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Wanker v. Samitz

State of New York Supreme Court, Appellate Division Third Judicial Department


November 12, 2009

CHRISTOPHER WANKER, RESPONDENT,
v.
MEGAN SAMITZ, APPELLANT.

The opinion of the court was delivered by: Malone Jr., J.

MEMORANDUM AND ORDER

Calendar Date: September 9, 2009

Before: Peters, J.P., Rose, Lahtinen, Kane and Malone Jr., JJ.

Appeal from a judgment of the Supreme Court (Platkin, J.), entered June 12, 2008 in Ulster County, granting plaintiff a divorce, upon a decision of the court.

The parties commenced their relationship in 1987, when plaintiff was 28 years old and defendant was 15 years old. They were married in July 1998 and are the parents of one child (born in 1999). Plaintiff commenced this divorce action in March 2006. Following a bench trial in April 2008, Supreme Court granted plaintiff a divorce on the grounds of cruel and inhuman treatment and abandonment and denied defendant's request for maintenance, among other things. Defendant now appeals.

Supreme Court properly granted plaintiff a divorce based on cruel and inhuman treatment. The record established that throughout the marriage, defendant used heroin and other drugs, despite multiple incidents of overdose, at least one of which occurred in the presence of the parties' son, and she was admitted to several rehabilitation programs. Defendant was verbally and physically aggressive toward plaintiff whenever he attempted to confront her about her addiction or whenever he attempted to take the heroin away from her. Plaintiff became depressed over the situation, often crying and feeling physically sick, and sought counseling with a number of therapists. According deference to Supreme Court's credibility and factual determinations (see Delliveneri v Delliveneri, 274 AD2d 798, 798-799 [2000], lv denied 95 NY2d 767 [2000]), even assuming this to be a marriage of long duration necessitating a high degree of proof (see Brady v Brady, 64 NY2d 339, 344-345 [1985]), we find these facts sufficient to support a finding that defendant engaged in a course of conduct that endangered plaintiff's mental well-being such that it was improper for plaintiff to cohabit with defendant (see Domestic Relations Law § 170 [1]; Holmes v Holmes, 25 AD3d 931, 932-933 [2006]; Blaise v Blaise, 206 AD2d 715, 716 [1994]). Supreme Court erred, however, in granting plaintiff a divorce on the basis of abandonment because, at the time the complaint was filed, defendant had not been absent from the home for a period of one year or more, nor was there any evidence presented at trial that could establish constructive abandonment (see Domestic Relations Law § 170 [2]; Jacob v Jacob, 8 AD3d 725, 727 [2004]). Accordingly, plaintiff's claim for divorce based on abandonment should have been dismissed.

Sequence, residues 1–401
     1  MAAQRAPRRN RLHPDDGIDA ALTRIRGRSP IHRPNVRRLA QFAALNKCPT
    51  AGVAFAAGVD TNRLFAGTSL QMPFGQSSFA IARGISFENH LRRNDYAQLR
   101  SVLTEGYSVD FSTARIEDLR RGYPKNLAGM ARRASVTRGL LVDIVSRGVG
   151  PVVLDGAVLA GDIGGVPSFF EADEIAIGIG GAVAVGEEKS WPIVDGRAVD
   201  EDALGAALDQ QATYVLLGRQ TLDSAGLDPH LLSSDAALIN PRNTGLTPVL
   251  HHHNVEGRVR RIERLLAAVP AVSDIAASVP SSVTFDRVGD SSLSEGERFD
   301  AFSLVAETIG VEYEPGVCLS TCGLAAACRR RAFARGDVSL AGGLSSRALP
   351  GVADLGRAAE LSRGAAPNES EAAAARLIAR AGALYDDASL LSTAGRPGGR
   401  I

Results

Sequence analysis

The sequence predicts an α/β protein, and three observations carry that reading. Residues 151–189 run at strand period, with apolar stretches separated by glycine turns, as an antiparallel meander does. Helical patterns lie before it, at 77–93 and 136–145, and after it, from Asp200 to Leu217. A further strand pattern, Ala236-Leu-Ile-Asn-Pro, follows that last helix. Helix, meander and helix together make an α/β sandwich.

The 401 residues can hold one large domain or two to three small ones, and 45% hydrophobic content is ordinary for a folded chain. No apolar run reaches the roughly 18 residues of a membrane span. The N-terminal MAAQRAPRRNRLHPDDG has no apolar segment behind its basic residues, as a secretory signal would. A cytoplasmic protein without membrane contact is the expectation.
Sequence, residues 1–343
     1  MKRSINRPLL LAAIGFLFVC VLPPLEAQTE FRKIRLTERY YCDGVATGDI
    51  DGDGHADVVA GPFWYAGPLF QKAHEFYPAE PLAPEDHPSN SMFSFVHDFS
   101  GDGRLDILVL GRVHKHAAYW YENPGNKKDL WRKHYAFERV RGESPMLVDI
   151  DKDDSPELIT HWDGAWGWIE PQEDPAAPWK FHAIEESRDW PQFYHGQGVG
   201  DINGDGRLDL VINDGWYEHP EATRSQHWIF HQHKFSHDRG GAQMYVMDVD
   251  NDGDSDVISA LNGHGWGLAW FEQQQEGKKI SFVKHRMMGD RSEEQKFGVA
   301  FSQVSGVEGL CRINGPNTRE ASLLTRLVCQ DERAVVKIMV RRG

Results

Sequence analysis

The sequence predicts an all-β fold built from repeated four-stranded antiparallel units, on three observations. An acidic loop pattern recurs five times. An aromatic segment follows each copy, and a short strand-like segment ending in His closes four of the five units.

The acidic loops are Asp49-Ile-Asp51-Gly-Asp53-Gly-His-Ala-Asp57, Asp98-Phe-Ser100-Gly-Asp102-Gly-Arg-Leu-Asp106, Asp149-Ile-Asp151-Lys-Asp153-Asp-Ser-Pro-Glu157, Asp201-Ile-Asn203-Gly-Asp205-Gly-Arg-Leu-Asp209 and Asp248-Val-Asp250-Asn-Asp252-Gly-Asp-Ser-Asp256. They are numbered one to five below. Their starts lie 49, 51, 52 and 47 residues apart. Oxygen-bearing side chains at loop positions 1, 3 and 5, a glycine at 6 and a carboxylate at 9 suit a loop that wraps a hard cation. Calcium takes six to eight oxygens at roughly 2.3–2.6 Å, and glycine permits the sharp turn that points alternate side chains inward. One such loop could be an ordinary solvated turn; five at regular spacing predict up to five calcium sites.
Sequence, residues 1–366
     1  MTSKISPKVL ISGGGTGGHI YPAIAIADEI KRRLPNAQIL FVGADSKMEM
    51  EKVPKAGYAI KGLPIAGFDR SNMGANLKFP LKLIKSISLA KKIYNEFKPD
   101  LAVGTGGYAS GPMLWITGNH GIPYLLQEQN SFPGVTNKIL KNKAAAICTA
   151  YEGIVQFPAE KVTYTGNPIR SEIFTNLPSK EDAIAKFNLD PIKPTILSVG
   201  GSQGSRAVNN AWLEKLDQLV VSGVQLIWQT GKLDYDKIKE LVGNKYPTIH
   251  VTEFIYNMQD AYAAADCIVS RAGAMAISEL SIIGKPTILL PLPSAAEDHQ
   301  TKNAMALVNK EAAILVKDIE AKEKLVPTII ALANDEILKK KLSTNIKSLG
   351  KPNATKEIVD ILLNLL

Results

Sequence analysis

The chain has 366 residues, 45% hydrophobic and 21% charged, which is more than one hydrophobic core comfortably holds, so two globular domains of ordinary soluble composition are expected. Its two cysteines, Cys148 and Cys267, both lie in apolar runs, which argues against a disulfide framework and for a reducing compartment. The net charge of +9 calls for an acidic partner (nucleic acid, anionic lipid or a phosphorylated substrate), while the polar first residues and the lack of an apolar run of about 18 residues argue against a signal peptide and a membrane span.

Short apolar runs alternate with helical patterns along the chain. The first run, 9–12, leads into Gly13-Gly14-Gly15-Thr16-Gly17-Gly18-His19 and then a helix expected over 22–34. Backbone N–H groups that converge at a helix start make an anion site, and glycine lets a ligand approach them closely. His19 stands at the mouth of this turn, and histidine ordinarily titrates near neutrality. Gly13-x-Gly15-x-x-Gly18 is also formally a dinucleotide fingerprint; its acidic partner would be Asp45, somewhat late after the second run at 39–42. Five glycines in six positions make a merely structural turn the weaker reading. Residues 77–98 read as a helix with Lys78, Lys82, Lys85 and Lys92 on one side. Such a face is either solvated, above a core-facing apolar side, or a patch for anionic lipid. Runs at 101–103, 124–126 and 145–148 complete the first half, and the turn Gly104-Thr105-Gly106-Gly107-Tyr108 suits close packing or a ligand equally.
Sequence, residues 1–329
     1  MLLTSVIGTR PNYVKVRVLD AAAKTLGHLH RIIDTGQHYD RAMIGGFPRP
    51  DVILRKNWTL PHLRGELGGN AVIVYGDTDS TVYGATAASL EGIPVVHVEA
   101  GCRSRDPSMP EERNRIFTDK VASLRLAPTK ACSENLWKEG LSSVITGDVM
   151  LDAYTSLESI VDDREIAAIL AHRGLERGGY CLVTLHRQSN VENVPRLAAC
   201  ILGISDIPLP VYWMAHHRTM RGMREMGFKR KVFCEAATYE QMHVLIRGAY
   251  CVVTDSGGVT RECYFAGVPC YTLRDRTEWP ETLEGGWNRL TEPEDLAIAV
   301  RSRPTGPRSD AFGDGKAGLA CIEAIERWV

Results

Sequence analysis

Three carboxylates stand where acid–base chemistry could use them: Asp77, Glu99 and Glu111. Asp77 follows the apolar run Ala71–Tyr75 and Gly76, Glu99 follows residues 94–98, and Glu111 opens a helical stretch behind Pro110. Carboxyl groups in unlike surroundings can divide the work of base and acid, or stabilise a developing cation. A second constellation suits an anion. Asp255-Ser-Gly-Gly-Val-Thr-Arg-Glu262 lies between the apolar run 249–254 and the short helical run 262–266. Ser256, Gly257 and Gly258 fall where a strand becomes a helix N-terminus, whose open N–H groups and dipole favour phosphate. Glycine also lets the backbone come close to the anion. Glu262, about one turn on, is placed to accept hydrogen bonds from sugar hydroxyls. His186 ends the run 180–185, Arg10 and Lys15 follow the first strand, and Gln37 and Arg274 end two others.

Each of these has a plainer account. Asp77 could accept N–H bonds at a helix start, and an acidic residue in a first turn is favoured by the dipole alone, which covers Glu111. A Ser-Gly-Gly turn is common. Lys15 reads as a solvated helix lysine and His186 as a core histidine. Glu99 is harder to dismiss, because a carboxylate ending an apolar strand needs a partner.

Contrary to defendant's contention, Supreme Court did not err in denying her request for maintenance. While there was some general testimony at trial regarding plaintiff's financial situation, defendant did not present evidence of her own income, assets or her ability to be self-supporting. There is a similar lack of proof with respect to the other statutory factors (see Domestic Relations Law § 236 [B] [6]), which also "precludes this Court from exercising our factual review power to determine the maintenance issue" (Shortis v Shortis, 274 AD2d 880, 883 [2000]).

Defendant's remaining contentions, including her claims that Supreme Court abused its discretion by denying her request for an adjournment and that she is entitled to reimbursement for personal property items allegedly damaged by plaintiff, have been considered and found to be without merit.

Peters, J.P., Rose, Lahtinen and Kane, JJ., concur.

ORDERED that the judgment is modified, on the law, without costs, by reversing so much thereof as granted plaintiff a divorce on the ground of abandonment pursuant to Domestic Relations Law § 170 (2); said claim dismissed; and, as so modified, affirmed.

20091112

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